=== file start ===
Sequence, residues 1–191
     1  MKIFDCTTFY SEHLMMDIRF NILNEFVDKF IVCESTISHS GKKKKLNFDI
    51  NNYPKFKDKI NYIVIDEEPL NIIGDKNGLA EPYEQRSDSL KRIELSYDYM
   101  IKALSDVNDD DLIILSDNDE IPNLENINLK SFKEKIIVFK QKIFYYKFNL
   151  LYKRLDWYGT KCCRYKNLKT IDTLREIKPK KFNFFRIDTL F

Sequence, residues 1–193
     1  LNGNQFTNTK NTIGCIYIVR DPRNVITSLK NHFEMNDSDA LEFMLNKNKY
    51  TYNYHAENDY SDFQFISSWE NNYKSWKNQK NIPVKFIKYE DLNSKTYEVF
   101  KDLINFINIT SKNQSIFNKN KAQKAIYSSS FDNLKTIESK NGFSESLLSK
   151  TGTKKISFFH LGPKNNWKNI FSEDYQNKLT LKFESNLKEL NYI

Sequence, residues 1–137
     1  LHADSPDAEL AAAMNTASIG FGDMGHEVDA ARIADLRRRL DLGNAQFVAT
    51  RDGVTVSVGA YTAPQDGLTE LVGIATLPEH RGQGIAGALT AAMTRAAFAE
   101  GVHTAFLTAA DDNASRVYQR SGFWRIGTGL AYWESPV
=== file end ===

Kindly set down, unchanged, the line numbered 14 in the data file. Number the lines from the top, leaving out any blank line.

   101  GVHTAFLTAA DDNASRVYQR SGFWRIGTGL AYWESPV